4. You aren’t addressing your risks. From the risks of injuries or property damage to those affecting your operations (natural disasters, etc.), they can all negatively impact your overall transportation costs if you don’t identify and mitigate them. And often, the solution is as simple as, for example, having a basic plan for how to work around a severe weather emergency.
5. You aren’t optimizing your shipments. In busy transportation departments, it’s common for people to send something out the door just so they can cross an item off their to-do list without considering whether the company could save money by changing its shipping cadence. Aligning transportation requirements and capabilities can save a company a significant amount of money.
6. You have too much equipment. You may not see big green dollar signs floating up and away from idle semi trailers on your lot, but that’s essentially what’s happening. Whether you own those trailers outright or are making payments on them, they’re costing your company money. And if you aren’t using them, it’s money wasted. It’s typically much more cost-effective to operate “lean,” with just enough equipment to meet your average needs and augment your shipping capability as conditions warrant. Referring back to the item on relationships above… If you have a provider you’ve worked with and trust, renting or leasing a semi trailer to address volume spikes is easy and affordable. Then, when the surge subsides, you can return the semi trailers until you need them again, knowing that your cost when they’re not in your possession is zero!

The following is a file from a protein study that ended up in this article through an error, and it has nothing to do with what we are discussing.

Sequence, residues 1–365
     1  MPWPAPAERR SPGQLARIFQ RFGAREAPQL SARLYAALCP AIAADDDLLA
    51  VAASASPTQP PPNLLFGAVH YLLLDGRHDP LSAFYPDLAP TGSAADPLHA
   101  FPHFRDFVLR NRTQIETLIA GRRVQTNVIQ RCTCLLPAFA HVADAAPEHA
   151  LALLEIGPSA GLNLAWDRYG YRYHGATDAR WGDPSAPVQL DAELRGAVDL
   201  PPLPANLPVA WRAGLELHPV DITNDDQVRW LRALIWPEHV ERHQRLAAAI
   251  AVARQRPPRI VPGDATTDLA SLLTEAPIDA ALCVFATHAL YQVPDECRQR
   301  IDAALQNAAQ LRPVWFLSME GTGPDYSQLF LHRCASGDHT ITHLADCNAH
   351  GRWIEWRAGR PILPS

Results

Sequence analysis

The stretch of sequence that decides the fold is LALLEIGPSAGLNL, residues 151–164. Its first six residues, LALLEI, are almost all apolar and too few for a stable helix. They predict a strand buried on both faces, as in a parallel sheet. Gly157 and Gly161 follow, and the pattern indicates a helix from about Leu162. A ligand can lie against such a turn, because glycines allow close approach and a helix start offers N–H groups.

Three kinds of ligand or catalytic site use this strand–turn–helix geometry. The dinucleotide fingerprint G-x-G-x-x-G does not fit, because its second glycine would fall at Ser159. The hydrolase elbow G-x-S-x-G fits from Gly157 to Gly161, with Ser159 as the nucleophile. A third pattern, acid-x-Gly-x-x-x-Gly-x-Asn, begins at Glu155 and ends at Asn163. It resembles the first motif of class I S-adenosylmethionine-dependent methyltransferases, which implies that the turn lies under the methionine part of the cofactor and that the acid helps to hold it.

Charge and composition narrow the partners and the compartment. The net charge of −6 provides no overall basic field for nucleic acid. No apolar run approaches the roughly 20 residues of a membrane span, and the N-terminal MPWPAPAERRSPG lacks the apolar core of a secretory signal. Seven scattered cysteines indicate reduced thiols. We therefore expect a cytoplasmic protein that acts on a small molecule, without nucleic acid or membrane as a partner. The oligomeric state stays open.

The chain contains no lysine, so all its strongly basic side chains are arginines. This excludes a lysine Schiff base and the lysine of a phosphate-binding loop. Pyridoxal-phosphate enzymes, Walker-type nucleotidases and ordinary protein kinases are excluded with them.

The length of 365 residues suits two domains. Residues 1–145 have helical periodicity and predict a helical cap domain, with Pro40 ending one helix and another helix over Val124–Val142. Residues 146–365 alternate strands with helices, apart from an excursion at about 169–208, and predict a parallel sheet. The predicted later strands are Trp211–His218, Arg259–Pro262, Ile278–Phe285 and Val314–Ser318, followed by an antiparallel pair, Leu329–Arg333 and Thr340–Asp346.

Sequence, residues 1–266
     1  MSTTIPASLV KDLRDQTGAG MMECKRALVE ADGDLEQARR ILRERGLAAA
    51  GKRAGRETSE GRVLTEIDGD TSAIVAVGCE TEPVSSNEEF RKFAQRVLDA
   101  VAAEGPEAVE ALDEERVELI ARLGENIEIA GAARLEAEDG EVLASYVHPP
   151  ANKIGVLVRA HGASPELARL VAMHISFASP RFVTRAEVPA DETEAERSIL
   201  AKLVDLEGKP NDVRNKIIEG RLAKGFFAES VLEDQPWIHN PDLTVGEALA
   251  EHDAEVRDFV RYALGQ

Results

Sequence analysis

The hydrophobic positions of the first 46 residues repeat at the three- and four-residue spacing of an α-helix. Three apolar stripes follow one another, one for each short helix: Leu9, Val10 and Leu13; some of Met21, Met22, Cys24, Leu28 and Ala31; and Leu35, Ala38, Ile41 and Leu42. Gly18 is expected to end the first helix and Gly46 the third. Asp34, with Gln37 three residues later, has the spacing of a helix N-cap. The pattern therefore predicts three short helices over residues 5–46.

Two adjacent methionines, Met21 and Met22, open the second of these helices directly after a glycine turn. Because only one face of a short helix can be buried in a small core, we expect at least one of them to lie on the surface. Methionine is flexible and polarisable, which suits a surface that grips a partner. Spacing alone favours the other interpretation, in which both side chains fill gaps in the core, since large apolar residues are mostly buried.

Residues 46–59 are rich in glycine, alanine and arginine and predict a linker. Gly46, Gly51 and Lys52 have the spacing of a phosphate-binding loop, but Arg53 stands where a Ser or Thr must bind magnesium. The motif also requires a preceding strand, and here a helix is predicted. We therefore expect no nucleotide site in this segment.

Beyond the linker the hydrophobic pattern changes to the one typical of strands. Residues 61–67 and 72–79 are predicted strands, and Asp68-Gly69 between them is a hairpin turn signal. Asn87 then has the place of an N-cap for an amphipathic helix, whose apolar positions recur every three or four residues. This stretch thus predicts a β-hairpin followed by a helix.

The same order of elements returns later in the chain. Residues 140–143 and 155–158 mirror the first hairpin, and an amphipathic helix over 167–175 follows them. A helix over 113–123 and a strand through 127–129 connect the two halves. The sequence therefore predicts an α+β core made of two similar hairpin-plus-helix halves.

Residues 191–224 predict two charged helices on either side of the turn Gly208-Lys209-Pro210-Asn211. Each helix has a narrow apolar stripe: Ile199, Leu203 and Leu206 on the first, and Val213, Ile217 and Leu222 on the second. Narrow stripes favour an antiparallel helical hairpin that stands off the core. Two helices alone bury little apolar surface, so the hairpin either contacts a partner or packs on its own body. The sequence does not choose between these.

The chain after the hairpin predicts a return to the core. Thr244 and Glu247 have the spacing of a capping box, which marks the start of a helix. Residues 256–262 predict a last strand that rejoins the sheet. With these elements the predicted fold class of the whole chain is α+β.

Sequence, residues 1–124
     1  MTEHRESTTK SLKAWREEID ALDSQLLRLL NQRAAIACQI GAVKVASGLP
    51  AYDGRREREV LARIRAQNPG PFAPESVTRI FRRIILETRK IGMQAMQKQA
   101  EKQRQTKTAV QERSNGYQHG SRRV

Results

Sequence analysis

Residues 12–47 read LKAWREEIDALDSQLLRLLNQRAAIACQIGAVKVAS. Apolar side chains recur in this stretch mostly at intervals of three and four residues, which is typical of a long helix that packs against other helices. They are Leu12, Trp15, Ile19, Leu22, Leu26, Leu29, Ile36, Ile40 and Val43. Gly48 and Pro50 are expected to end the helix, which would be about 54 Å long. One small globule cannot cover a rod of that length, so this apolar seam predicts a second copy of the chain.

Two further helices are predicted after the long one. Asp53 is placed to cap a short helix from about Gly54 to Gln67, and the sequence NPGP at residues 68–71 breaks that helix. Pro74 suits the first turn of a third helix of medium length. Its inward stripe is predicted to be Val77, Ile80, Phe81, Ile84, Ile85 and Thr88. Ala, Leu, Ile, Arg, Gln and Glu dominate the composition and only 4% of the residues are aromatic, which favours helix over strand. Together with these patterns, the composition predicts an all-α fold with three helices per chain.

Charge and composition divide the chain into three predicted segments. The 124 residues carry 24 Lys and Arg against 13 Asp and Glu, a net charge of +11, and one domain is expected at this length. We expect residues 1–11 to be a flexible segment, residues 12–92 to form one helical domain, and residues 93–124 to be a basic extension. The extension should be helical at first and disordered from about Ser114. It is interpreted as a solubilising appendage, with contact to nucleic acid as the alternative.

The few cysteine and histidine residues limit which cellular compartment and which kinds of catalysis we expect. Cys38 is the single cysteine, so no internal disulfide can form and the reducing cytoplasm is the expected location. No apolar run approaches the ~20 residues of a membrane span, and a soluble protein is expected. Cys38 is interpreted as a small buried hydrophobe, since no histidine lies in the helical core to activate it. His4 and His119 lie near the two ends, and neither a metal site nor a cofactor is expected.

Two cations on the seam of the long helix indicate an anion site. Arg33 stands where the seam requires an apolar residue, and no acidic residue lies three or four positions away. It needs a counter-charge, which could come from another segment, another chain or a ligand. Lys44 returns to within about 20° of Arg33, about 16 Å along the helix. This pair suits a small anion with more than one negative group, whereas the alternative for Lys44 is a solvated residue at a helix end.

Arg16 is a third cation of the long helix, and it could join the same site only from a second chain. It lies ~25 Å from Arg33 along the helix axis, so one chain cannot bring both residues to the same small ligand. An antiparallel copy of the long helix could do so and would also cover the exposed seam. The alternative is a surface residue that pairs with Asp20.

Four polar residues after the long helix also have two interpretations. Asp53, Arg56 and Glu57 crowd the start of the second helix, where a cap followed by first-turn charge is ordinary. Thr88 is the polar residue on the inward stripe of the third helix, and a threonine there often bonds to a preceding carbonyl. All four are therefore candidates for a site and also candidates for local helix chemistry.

Rental Semi Trailers: Putting the Emphasis on “Easy”
Many companies hesitate to use the solution proposed in item #6 above because their prior experience with renting or leasing semi trailers was frustrating and time-consuming. And it’s true that type of interaction is common.
For that reason, finding a company that has a fast, efficient process for getting you the semi trailers you require is essential. Whether that means dry vans, reefers, flatbeds or other types, the equipment is only valuable to your business if you can get it with maximum convenience and minimal hassles. For example, at Boxwheel Trailer Leasing, our 3-step process puts the emphasis on “easy.”
All it takes to get a professionally maintained semi trailer perfectly suited to your needs is a quick phone call with one of your trailer experts to discuss your requirements, a one-page application and a trip to our lot to grab the equipment. And if your challenges are around storing rather than transporting products or materials, keep in mind that semi trailers can serve as secure mobile mini-warehouses to expand your storage capacity quickly and affordably.
Reduce Your Transportation Costs With Readily Available Semi Trailers
If you have an immediate need for semi trailers or may not for several weeks or months, it’s wise to learn about your options for obtaining high-quality equipment from leading manufacturers like Wabash, Utility, and Great Dane. Contact Boxwheel Trailer Leasing today, and learn about our large inventory, extensive industry experience, efficient processes, and attentive service.